complicated timepieces as jump hours, automaton scenes, jacquemarts, angle (aviator) watches, linear or digital display features, etc. The world time watches, which mechanisms he produced for Agassiz, Patek Philippe, Rolex and Vacheron Contantin, became his speciality. Louis Cottier registered several patents for his inventions from which the jump hour, the world time and the time-zone devices. Among them, Swiss patents no. 270085, no. 273141 and no. 285376. Hans Wilsdorf, the Rolex president,
chose Louis Cottier as curator for his collection which he kept restoring and maintaining until the end of his life. At the end of WW2, some of his production was already ending in very famous pockets, around very important wrists or on very celebrated desks such as Winston Churchill, Harry Truman, Joseph Stalin, De Gaulle, Franklin Roosevelt’s widow, etc.
In addition to being a talented painter and draughtsman, Louis Cottier was also an historian of the city of Carouge, where he lived all his life. His workshop, transferred to the Musée de l’horlogerie et de l’émaillerie de Genève, is now part of the collection of the Geneva Musée d’art et d’histoire. Until his death, in 1966, Louis Cottier developed several novelties for Patek Philippe, some remained prototypes, others were produced in more or less important series. From 1937 to 1965, Cottier delivered a total of around 380 movements to Patek Philippe, most of them with the ‘Heures Universelles’ feature and only 7 of them with the twin dials feature. All of them made on stock calibres.

Reference 1415
Reference 1415 was introduced in 1939 and remained in production until 1954 approximately. Its movement was based on the established Patek Philippe in-house caliber 12'''-120. Some 115 movements were upgraded for this model with the ingenious, patented world time mechanism invented by Louis Cottier, the celebrated Geneva watchmaker. Reference 1415 HU (for Heure Universelle or World Time) was either cased in yellow or pink gold, cases made by Wenger, Geneva Master case maker, mark number 1 in a key. Only one example in platinum is known to date (the present watch).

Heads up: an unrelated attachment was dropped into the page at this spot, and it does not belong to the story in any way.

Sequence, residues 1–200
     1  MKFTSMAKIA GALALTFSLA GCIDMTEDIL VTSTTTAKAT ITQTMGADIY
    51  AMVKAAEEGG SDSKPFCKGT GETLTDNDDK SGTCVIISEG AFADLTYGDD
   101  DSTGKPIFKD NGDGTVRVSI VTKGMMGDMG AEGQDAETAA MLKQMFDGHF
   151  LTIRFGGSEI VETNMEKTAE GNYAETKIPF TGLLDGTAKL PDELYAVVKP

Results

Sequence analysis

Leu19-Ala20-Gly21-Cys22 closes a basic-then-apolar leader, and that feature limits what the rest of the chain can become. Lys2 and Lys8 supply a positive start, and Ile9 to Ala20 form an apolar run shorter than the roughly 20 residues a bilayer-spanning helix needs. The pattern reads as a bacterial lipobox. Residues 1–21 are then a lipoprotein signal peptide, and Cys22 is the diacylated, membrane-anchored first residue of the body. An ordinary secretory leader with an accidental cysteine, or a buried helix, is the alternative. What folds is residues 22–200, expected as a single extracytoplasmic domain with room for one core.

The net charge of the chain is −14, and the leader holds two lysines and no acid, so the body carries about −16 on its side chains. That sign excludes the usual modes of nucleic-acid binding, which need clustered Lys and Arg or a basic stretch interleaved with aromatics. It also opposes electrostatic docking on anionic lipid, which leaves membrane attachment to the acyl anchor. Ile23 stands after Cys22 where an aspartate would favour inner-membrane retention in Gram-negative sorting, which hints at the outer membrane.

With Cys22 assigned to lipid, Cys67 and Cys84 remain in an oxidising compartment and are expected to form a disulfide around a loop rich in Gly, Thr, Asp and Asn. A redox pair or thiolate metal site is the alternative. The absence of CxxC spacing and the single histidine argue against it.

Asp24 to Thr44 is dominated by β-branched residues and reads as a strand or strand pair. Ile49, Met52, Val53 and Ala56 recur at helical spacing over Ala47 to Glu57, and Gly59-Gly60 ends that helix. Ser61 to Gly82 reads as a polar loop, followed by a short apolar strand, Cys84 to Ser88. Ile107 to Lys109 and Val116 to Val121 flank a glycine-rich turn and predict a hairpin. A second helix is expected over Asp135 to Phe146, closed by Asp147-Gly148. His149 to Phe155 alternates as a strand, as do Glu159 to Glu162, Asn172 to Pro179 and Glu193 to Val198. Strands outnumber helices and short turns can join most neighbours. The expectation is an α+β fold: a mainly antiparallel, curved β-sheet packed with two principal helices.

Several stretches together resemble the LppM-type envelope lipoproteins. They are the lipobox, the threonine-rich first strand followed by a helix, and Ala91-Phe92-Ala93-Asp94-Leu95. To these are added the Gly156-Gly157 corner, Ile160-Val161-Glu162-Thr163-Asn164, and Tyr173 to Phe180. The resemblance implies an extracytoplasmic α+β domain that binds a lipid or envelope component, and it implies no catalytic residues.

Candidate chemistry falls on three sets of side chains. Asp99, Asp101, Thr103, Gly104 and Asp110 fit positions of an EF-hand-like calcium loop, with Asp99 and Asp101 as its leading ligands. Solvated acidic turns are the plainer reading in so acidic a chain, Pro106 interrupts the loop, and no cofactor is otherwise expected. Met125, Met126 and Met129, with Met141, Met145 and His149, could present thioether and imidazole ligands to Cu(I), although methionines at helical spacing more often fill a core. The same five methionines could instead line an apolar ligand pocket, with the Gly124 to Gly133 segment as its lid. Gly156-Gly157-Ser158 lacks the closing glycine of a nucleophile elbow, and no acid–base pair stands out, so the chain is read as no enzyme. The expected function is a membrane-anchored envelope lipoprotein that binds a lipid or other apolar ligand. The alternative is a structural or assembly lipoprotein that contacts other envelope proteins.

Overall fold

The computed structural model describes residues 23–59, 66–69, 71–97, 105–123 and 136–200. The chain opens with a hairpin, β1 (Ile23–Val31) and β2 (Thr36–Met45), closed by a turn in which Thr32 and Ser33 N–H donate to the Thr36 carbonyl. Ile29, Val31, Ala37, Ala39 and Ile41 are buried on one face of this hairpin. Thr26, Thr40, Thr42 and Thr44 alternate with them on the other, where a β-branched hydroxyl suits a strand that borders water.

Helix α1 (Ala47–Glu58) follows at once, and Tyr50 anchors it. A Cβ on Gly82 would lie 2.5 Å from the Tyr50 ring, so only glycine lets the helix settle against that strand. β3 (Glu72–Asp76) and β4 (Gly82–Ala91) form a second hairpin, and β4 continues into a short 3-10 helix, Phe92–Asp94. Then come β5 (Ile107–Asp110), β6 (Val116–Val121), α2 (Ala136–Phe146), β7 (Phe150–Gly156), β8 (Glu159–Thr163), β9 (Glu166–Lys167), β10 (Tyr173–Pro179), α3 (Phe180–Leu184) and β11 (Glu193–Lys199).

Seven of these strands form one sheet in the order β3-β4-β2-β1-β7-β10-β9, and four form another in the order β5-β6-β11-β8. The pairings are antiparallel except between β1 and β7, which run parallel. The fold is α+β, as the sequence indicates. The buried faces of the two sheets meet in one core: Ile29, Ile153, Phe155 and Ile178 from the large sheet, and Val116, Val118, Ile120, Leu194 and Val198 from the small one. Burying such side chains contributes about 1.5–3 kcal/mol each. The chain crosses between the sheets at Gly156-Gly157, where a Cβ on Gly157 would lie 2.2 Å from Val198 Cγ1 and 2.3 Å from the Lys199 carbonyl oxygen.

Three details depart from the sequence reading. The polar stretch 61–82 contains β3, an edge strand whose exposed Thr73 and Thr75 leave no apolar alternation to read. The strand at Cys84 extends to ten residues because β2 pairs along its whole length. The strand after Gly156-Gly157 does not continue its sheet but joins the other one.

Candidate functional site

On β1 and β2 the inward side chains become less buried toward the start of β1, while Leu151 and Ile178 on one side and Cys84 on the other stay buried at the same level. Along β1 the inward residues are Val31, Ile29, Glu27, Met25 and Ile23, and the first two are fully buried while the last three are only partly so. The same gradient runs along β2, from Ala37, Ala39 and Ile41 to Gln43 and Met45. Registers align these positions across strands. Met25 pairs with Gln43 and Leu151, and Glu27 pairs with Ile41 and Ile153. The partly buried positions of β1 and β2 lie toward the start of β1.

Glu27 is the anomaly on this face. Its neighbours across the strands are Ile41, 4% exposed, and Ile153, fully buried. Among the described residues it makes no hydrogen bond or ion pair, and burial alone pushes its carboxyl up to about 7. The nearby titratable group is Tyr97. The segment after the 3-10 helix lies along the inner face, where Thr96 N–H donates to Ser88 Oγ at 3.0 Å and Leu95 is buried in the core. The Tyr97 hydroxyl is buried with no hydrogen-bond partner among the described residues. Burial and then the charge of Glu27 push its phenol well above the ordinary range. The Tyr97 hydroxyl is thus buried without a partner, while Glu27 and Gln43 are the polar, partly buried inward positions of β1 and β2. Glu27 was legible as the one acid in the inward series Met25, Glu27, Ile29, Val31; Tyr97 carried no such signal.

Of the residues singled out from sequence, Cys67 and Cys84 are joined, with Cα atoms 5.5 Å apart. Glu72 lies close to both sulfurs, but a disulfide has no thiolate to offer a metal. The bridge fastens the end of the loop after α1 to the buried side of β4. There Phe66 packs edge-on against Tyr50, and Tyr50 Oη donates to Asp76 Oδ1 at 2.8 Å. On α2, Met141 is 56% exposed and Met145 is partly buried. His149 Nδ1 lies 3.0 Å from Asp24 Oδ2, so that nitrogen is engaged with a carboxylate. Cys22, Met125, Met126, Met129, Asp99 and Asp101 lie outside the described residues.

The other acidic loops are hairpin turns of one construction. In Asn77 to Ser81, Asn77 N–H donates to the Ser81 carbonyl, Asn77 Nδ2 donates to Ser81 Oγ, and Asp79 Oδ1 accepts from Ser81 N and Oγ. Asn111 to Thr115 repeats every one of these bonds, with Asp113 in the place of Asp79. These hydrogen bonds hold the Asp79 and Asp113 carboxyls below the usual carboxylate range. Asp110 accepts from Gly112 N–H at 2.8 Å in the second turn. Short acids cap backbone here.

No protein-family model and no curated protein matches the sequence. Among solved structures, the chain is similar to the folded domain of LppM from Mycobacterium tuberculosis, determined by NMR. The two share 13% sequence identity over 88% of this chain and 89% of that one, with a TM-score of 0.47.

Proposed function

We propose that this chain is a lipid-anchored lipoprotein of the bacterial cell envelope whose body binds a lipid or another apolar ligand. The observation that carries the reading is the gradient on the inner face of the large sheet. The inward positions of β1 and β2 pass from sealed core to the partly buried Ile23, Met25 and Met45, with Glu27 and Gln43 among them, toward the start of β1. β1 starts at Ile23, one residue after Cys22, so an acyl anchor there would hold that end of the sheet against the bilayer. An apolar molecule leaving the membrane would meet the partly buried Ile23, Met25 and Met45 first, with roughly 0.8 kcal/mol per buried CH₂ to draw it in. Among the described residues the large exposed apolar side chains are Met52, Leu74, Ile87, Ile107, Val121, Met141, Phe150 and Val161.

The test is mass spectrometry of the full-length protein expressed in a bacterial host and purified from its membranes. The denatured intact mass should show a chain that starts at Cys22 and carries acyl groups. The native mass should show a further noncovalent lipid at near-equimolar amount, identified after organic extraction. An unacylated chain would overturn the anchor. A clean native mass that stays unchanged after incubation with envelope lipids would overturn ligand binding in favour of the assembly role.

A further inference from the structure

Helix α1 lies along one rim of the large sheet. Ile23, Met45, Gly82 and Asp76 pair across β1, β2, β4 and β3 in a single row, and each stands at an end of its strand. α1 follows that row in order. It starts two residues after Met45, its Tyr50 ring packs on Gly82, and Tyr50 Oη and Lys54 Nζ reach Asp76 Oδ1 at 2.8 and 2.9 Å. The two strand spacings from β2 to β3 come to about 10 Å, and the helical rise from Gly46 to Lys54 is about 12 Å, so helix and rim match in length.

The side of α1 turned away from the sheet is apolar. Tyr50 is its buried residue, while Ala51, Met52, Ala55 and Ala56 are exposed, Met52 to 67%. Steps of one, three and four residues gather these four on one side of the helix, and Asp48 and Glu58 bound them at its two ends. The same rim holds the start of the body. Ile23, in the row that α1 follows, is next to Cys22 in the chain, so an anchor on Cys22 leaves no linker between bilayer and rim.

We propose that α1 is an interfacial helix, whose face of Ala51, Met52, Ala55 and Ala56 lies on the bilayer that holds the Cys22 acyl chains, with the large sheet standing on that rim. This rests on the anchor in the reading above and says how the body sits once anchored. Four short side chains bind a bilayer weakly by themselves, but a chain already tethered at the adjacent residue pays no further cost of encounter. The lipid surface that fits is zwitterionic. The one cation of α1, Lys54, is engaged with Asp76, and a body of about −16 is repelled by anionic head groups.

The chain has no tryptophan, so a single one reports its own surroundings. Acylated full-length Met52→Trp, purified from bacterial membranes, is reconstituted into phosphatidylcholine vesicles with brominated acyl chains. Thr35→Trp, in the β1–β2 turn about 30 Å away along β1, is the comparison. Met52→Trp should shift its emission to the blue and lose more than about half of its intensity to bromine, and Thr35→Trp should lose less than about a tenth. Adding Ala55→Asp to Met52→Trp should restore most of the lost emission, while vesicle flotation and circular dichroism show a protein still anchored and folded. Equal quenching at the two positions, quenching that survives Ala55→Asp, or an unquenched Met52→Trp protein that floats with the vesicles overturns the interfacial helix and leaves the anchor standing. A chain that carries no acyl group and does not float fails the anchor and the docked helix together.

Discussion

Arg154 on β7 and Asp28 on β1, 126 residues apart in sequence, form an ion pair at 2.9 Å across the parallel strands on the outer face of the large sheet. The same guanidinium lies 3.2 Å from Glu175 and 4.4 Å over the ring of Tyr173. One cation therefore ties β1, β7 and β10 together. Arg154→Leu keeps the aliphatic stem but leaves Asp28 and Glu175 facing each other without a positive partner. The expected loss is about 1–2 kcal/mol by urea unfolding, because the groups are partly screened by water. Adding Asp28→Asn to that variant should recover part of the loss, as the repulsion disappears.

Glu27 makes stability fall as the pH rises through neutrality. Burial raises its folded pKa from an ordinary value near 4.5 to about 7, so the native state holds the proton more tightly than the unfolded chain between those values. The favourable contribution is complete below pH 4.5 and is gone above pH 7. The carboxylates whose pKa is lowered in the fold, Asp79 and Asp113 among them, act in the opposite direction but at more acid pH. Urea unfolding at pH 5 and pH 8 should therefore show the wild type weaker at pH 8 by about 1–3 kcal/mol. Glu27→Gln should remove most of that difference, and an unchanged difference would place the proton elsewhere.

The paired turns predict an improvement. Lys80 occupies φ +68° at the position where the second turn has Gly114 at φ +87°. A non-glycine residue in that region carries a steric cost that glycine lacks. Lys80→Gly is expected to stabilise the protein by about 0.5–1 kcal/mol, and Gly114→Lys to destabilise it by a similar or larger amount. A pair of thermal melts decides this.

Until 1948, reference 1415 HU was only available with the classic metal dial, either silvered or more exclusively rose. During the very last years of production, this model was also available in very few pieces only with cloisonné enamel dial. The hand-engraved bezel would show international cities around the world. Whereas earlier examples of reference 1415 HU would only list 28 cities, the latest generation would account for 42 international locations.


1950 original owner;
1988 Sotheby’s New York;
1989 Sotheby’s Geneva.
An Italian collection and another Italian collection.
2002 Antiquorum Geneva, 13th April, lot 608, where purchased by the present owner for 6,603,500 Swiss Francs.

Examples of reference 1415 HU, both with metal and enamel dials, are illustrated in : ‘Patek Philippe Wristwatches’ Martin Huber & Alan Banbery, second edition, pp. 243 - 247.
Different examples of Patek Philippe's ’World Time’ pocket and wristwatches are illustrated and described in ‘Patek Philippe Watches’ - Volume II, : Patek Philippe Museum, p. 334-353, chapter ‘World Time and Jump Hour Watches and Louis Cottier Prototypes’.
Ref. 1415 is illustrated in the ‘Blue Book 2’ by Eric Tortella, 2018 edition, pages 290 to 333; a note on World-timers, Louis Cottier and his workshop is published in the same book pages 191 to 210.